Yay! It's a Blog! - July 2013 Archives

All are welcome at apple time

July 9, 2013

Every workday at 3:00 p.m., we have apple time. Those able to take a break, sit in my aisle and eat apples. Sometimes people eat strawberries or oranges or blueberries and yogurt. But mostly apples. It is apple time, after all. One time I didn't have an apple, so I went to the employee cafe across the street and bought some apple juice and pistachios. It was the best I could do.

I've been eating an apple in the afternoon for several years. It wasn't until Sam was hired a little over a year ago that apple time became a group thing. He tells people it was my idea, but if he hadn't started eating an apple, too, it would still be just me, sitting at my desk, eating an apple.

Even our supervisor participates. We have the best supervisor in the world. He never holds staff meetings. He knows you can't have a staff meeting that isn't wasting at least one person's time. But he comes to apple time and eats an apple.

Our supervisor likes the Red Delicious apples. He's old school. Sam and I like the Pink Lady and Honeycrisp apples. I can't remember what Mark likes, but I know he doesn't care for the Braeburns. He's usually the one eating some other fruit, though. When Bruce worked here, he was apt to eat his apple before apple time. Sam called him out on it once, so Bruce called him an apple fascist. He said he'd eat his apple whenever he feels like it.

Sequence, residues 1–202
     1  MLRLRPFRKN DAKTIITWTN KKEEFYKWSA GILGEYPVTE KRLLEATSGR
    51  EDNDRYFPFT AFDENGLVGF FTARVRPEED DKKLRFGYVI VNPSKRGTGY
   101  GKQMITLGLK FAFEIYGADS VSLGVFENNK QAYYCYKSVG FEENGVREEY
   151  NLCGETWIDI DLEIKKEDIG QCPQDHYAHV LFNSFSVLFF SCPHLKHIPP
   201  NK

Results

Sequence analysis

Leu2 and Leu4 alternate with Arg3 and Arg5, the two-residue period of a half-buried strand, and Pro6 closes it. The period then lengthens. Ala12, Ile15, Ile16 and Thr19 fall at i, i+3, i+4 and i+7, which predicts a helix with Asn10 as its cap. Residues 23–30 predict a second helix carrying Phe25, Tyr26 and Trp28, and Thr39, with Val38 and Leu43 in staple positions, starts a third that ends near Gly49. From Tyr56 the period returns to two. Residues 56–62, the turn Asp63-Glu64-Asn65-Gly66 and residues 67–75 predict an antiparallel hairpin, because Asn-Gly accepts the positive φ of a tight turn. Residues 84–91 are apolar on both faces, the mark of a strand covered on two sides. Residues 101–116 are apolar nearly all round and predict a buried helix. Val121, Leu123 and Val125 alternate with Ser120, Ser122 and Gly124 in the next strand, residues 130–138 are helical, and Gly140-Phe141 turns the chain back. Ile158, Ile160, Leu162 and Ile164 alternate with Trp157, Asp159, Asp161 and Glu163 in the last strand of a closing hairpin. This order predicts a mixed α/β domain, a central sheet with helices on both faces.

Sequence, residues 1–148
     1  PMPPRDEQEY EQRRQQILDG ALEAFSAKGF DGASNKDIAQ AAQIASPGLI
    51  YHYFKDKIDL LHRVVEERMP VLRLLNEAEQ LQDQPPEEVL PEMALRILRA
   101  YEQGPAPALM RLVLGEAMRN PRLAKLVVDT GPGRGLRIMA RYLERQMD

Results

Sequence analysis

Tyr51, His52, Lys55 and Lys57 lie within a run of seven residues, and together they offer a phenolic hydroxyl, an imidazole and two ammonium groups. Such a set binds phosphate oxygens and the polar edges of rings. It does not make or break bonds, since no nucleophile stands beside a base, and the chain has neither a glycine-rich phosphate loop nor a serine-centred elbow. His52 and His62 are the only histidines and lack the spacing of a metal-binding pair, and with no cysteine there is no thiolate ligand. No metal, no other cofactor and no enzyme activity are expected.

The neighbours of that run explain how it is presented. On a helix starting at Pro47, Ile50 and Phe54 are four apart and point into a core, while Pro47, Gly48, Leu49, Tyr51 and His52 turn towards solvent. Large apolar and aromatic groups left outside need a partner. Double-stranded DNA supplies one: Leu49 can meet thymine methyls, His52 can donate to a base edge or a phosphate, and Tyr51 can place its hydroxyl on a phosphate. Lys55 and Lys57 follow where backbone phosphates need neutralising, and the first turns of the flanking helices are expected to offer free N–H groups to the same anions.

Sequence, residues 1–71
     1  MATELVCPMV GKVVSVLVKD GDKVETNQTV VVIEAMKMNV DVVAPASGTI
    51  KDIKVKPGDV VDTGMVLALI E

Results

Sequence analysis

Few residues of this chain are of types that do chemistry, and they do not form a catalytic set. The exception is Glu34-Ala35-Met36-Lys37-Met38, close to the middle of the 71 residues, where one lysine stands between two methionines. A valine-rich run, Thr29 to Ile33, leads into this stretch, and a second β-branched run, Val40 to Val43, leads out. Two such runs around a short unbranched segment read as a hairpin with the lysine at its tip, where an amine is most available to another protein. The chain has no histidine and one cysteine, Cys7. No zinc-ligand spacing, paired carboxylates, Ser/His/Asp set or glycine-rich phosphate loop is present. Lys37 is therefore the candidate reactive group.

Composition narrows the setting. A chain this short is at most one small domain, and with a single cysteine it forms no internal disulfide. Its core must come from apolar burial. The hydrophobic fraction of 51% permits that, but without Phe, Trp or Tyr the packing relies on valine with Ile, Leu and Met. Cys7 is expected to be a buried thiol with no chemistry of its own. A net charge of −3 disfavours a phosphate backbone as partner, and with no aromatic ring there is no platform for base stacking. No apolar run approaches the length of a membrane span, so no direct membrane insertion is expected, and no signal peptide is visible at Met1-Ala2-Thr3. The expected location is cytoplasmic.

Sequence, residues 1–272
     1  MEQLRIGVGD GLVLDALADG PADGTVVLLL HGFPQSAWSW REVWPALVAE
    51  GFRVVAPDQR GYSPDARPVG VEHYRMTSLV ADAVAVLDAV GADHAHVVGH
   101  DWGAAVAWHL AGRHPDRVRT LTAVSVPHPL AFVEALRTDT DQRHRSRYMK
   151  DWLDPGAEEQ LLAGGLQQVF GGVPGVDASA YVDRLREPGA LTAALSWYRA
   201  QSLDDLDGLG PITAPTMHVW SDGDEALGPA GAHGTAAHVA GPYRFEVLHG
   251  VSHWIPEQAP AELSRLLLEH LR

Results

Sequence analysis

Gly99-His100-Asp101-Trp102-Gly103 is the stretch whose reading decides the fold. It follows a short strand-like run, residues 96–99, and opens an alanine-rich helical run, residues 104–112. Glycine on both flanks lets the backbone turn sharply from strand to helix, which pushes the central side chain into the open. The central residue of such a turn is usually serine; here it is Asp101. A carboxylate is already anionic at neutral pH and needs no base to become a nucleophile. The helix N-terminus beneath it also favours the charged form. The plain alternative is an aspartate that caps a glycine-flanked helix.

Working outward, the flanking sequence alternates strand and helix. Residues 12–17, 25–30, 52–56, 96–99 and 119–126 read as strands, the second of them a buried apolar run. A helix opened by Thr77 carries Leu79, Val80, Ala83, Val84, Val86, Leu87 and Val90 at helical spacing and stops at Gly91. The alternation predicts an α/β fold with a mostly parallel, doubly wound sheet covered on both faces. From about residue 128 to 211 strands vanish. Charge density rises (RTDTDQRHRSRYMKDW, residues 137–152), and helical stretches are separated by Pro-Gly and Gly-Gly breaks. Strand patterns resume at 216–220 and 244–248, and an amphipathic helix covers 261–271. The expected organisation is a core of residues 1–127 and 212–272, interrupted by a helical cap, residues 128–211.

Sam tried a Kiku apple. He said it tastes like candy. So much so that it gave him a stomach ache.

Meagan and Jen usually come to apple time late, but they're welcome just the same. All are welcome at apple time.


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I don't experiment too much with apples. I like Red Delicious and Golden Delicious but those look interesting. What kind are they and, more importantly, are they sweet? smile

We picked some off the trees at a Johnny Appleseed farm in Connecticut many years ago. They must have been cooking apples. The farmer said they were good right off the tree, though. He was WRONG. They were horrible.

Like taking a nap without sleeping

July 14, 2013

I've been meditating every day for two weeks now. Before, I thought meditation was purely about learning to clear the mind--that if you aren't able to clear your mind, you fail. Now, I don't think you can fail at meditation unless you simply don't do it. The meditation guide I use says to let the thoughts come, be aware of them and what they are about, and then focus back on your breath or the sounds around you or the sensations in your body. The thoughts come and then they go.

While I'm meditating, thoughts that normally upset me have no effect. It's like I'm a third-party observer.

I'm on the fence about whether meditation has a prolonged effect when I'm not meditating. Like whether it makes me more relaxed or makes me less prone to mood swings or makes me more patient with people.

Yesterday it seemed to have a lasting effect.

Before I meditated, I was a mess... crying off and on all day. Partly because it was a lonely weekend day and partly because recent government political fighting upsets me.

After I meditated, I didn't cry anymore. But I also avoided anything controversial by playing Xbox Lego Lord of the Rings until bedtime. Who knows which helped more? Probably a combination of both.